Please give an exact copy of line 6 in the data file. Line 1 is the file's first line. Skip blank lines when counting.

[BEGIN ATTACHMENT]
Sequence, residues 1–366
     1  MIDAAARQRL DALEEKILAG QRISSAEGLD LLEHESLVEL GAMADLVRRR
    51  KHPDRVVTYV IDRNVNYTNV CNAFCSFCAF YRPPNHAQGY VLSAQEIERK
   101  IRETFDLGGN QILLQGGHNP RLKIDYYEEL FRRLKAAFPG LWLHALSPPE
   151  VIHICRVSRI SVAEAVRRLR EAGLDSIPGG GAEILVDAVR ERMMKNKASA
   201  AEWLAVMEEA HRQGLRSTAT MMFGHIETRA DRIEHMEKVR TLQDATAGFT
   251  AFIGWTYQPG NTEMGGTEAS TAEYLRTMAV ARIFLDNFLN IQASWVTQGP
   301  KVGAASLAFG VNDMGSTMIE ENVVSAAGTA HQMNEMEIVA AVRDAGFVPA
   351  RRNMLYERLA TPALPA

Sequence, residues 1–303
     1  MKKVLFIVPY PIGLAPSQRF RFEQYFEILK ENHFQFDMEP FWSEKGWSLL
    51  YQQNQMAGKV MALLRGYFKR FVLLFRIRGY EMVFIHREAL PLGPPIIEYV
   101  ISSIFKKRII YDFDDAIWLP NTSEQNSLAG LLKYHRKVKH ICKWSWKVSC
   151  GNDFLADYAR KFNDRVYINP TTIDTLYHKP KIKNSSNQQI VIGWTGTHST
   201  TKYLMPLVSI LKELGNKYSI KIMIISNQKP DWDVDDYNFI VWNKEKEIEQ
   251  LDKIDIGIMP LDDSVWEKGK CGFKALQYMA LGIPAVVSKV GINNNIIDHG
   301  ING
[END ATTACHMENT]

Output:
   201  AEWLAVMEEA HRQGLRSTAT MMFGHIETRA DRIEHMEKVR TLQDATAGFT